- CNBC's Jim Cramer says Apple shares could very well rally on "better-than-feared" earnings.
- Apple is set to report fiscal third-quarter earnings after the bell Tuesday.
- "People really feared this earnings period," Cramer says. "It turns out that that fear was not justified."
"I know it's a big week for earnings, but I'm really focused on Apple," Cramer said Monday on "Squawk Box." "There's a lot of thought that Apple, people are so bearish on it, that it can rally on a subpar number."
Analyst estimates call for adjusted Apple earnings of $2.10 per share for its fiscal third quarter. That would be a 10% drop from the year-ago period. In April, Apple reported fiscal second-quarter earnings of $2.46 per share, beating expectations by 10 cents, but roughly 10% lower than Q2 2018.
If Apple were to eke out a quarterly beat when it reports after the bell Tuesday, that may be enough to also continue an uptrend trend in the overall stock market, Cramer added.
"That's been the theme: When you have this better than feared, the stocks go higher," he said. "It's all about better than feared. People really feared this earnings period." He added, "It turns out that that fear was not justified."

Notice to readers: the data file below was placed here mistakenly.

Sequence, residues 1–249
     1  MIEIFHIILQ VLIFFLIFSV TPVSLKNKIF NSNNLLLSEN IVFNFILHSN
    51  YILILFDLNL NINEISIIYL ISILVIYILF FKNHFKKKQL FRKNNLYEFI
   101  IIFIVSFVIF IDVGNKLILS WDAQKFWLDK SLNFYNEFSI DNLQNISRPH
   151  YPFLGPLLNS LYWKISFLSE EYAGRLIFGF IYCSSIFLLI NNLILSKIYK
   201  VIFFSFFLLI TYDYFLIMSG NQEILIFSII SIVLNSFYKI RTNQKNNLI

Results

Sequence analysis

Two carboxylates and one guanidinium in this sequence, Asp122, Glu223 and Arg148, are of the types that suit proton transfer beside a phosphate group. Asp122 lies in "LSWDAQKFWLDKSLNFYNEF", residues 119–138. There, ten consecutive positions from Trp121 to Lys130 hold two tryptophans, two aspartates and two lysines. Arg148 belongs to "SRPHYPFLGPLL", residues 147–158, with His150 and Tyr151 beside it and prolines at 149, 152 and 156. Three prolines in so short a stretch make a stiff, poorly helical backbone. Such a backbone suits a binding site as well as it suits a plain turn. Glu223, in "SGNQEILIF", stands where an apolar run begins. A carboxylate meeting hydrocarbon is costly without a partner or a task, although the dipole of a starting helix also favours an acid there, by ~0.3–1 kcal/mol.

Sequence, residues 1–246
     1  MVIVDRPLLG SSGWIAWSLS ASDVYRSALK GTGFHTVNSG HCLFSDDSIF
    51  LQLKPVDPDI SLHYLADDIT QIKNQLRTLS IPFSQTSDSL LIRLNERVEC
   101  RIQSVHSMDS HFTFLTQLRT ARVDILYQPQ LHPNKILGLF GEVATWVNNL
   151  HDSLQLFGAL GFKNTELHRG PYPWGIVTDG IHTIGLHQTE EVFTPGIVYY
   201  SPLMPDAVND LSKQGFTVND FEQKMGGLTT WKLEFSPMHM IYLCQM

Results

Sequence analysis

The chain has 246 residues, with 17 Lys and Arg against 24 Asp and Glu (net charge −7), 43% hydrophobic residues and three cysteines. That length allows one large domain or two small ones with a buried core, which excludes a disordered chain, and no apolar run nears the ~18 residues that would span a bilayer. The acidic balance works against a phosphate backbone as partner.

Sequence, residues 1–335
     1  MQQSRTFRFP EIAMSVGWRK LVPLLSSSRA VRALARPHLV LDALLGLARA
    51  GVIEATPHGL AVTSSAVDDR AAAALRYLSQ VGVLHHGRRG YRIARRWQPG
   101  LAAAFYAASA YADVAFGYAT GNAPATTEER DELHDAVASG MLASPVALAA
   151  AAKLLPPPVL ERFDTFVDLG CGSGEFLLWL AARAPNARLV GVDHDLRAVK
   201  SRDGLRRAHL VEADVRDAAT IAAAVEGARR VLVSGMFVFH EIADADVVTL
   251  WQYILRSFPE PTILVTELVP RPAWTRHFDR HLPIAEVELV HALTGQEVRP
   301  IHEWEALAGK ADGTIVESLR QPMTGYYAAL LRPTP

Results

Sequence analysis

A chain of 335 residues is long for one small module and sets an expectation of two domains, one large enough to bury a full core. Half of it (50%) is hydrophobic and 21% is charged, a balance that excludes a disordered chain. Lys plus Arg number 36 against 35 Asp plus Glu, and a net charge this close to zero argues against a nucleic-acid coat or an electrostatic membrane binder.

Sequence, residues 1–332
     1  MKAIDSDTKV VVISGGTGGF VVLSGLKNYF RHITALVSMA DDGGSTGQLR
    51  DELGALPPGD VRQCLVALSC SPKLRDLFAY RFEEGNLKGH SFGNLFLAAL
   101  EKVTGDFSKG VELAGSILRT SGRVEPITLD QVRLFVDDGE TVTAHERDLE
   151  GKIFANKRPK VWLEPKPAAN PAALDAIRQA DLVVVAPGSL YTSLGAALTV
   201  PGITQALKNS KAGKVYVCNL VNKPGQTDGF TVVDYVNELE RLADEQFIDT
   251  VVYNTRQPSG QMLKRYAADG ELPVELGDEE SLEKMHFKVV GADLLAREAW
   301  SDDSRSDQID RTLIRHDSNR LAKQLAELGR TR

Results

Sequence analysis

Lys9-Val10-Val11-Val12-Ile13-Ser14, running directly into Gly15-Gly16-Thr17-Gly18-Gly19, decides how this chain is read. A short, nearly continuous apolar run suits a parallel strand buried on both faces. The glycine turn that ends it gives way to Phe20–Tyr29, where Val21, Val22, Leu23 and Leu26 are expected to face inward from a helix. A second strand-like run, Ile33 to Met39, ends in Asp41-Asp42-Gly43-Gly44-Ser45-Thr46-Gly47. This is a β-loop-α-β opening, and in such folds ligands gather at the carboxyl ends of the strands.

Shares of Apple were higher Monday, trading around $210 each. That's about 10% below its October all-time high. The stock is up about 33% in 2019, outpacing this year's 20% gain for the S&P 500.
With stocks at or near record highs, investors have become increasingly concerned about the impact of the ongoing U.S.-China trade war and global economic slowdown as well as persistently low inflation.
At the end of last month, President Donald Trump and Chinese President Xi Jinping agreed to a tariff truce and to restart talks aimed at resolving their market access disputes. Officials from the U.S. and China are set to meet in-person in Shanghai this week.
Twelve days before the Trump-Xi meeting at the G-20 summit in Japan, Apple had warned, in a letter dated June 17, that tariffs on its products would reduce its contribution to the economy. It also requested a waiver.
However, Trump announced Friday that his administration would not grant relief for Apple parts made in China.